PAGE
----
45 Not only does "gospel of God" have solid external support ( B L f 1 f 13), but the existence of the shorter reading better explains the rise of the longer one (due to harmonization), whereas the opposite scenario is quite difficult to explain.
46 For more on this variant see Bruce M. Metzger, A Textual Commentary on the Greek New Testament (Stuttgart: German Bible Society, 1994), 647-48; Metzger and Ehrman, Text of the New Testament, 146-47.
47 61 88v.r. 221v.r. 429v.r. 636v.r. 918 2318.
48 The recent volume by Bart Ehrman, Jesus, Interrupted: Revealing the Hidden Contradictions in the Bible (New York: HarperOne, 2009), offers a rebuttal to many of the criticisms of Misquoting Jesus and continues to insist that the variant in 1 John 5:7 is important and meaningful (p. 186). But Ehrman is missing the point entirely about this text. The reason this variant does not affect the integrity of the New Testament text is not because it is insignificant (Ehrman is correct that it changes the meaning of the passage), but because the textual evidence is so clearly against it that we know it is not the original reading. If we can tell it is not the original reading, then it does not matter how meaningful the change is. Ehrman seems so unduly fixated on the impact of the change that he misses the fact that the evidence against the variant speaks compellingly against its originality.
49 The studies on the long ending of Mark are too many to mention here; some helpful reviews of scholarship can be found in Joseph Hug, La finale de l'evangile de Marc: Mc 16, 9-20 (Paris: Gabalda, 1978), 11-32; Paul Mirecki, "Mark 16:9-20: Composition, Tradition, and Redaction" (PhD diss., Harvard University, 1986), 1-23; Virtus E. Gideon, "The Longer Ending of Mark in Recent Study," in New Testament Studies: Essays in Honor of Ray Summers in his Sixty-Fifth Year, ed. H. L. Drumwright and C. Vaughan (Waco, TX: Markham Press Fund, 1975), 3-12; and James A. Kelhoffer, Miracle and Mission: The Authentication of Missionaries and Their Message in the Longer Ending of Mark (Tübingen: Mohr Siebeck, 2000), 5-47.
50 For more discussion on why Mark would end his Gospel at verse 8 see Beverly Roberts Gaventa and Patrick D. Miller, eds., The Ending of Mark and the Ends of God: Essays in Memory of Donald Harrisville Juel (Louisville, KY: Westminster, 2005); P. W. van der Horst, "Can a Book End with a gar? A Note on Mark XVI.8," JTS 23 (1972): 121-24; K. R. Iverson, "A Further Word on Final gar (Mark 16:8)," CBQ 68 (2006): 79-94; J. Lee Magness, Sense and Absence: Structure and Suspension in the End of Mark's Gospel (Atlanta: Scholars Press, 1986); and David Alan Black, ed., Perspectives on the Ending of Mark: 4 Views (Nashville: Broadman, 2008).
51 Westcott and Hort, New Testament in the Original Greek, 2:282.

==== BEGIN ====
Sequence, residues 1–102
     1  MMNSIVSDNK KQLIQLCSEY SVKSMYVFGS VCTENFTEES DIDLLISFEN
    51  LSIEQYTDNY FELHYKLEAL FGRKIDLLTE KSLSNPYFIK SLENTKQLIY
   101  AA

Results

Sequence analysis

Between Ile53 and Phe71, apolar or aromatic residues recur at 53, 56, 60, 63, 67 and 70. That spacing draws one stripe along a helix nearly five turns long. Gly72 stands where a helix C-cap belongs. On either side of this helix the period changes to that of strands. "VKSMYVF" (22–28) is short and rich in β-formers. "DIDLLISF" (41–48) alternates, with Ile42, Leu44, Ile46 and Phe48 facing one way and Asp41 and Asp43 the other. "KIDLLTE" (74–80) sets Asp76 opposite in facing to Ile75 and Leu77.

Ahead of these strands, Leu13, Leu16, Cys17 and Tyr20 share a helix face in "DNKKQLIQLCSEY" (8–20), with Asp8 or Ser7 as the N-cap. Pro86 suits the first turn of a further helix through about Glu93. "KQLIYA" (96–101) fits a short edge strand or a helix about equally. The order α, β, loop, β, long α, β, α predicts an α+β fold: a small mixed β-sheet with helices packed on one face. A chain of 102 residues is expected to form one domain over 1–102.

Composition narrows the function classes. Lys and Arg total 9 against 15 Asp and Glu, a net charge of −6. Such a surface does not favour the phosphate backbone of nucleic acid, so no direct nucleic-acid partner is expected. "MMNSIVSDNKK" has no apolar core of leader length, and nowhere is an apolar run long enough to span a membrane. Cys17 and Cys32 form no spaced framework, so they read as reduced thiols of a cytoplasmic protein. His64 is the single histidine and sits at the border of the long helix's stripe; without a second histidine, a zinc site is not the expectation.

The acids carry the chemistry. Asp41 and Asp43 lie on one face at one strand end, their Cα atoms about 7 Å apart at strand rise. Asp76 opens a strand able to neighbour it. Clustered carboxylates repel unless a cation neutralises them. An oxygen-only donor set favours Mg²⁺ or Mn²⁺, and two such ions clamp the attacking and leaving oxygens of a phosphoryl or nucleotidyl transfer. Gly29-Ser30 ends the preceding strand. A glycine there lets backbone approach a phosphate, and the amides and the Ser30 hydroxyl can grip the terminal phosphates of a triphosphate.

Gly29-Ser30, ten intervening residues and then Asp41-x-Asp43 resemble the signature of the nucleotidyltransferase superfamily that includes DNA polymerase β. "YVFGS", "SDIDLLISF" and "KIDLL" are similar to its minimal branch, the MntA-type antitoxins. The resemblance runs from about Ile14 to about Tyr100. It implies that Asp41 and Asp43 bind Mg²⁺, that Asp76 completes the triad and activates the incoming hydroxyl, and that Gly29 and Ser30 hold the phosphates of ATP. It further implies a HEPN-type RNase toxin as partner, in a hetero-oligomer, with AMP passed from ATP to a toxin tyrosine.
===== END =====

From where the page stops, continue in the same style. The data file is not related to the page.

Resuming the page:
52 Kirsopp Lake, The Influence of Textual Criticism on the Exegesis of the New Testament (Oxford: Parker, 1904); J. Rendel Harris, "New Points of View in Textual Criticism," Expositor 7 (1914): 316-34; Eldon J. Epp, The Theological Tendency of Codex Bezae Cantabrigiensis in Acts (Cambridge: Cambridge University Press, 1966).
53 Bart D. Ehrman, The Orthodox Corruption of Scripture (New York: Oxford University Press, 1993). These same arguments appear in more popularized form in Misquoting Jesus, 151-75.
55 Ibid., 77-78.
56 Ibid., 83. 54 Ehrman, Orthodox Corruption of Scripture, 55.
57 In Ehrman's recent rebuttals in Jesus, Interrupted, this point still goes entirely unaddressed. He continues to repeat how meaningful these changes were, but the examples he picks are often changes that virtually all textual scholars acknowledge to be unoriginal; e.g., the pericope of the adulterous woman in John 7:53-8:11 (p. 188).
58 Moisés Silva, review of D. C. Parker, The Living Text of the Gospels, WTJ 62 (2000): 301-2.
59 Bart D. Ehrman, "The Text as Window: New Testament Manuscripts and the Social History of Early Christianity," in The Text of the New Testament in Contemporary Research, 361 n.1. For a similar sentiment see Donald Wayne Riddle, "Textual Criticism as a Historical Discipline," ATR 18 (1936): 220-33.
60 Metzger, Textual Commentary on the Greek New Testament, 70.
61 Ehrman argues that they are not original, and we would tend to agree (Misquoting Jesus, 138-44), though we would disagree with his assessment of the impact of this variant. See further the discussion in Metzger, Textual Commentary on the Greek New Testament, 151; Ehrman, Orthodox Corruption of Scripture, 187-94; Bart D. Ehrman and Mark A. Plunkett, "The Angel and the Agony: The Textual Problem of Luke 22:43-44," CBQ 45 (1983): 401-16; Jerome Neyrey, The Passion According to Luke: A Redaction Study of Luke's Soteriology (New York: Paulist, 1985), 55-57; and Raymond Brown, The Death of the Messiah: From Gethsemane to the Grave (New York: Doubleday, 1994), 179-84.